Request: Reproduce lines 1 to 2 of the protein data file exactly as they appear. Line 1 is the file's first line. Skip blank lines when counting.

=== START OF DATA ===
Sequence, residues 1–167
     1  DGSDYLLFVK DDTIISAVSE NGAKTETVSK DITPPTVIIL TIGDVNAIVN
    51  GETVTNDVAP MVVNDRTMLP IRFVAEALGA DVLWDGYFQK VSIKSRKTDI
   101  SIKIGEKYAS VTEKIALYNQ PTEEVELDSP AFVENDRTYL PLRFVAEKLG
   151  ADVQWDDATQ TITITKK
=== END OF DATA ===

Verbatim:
Sequence, residues 1–167
     1  DGSDYLLFVK DDTIISAVSE NGAKTETVSK DITPPTVIIL TIGDVNAIVN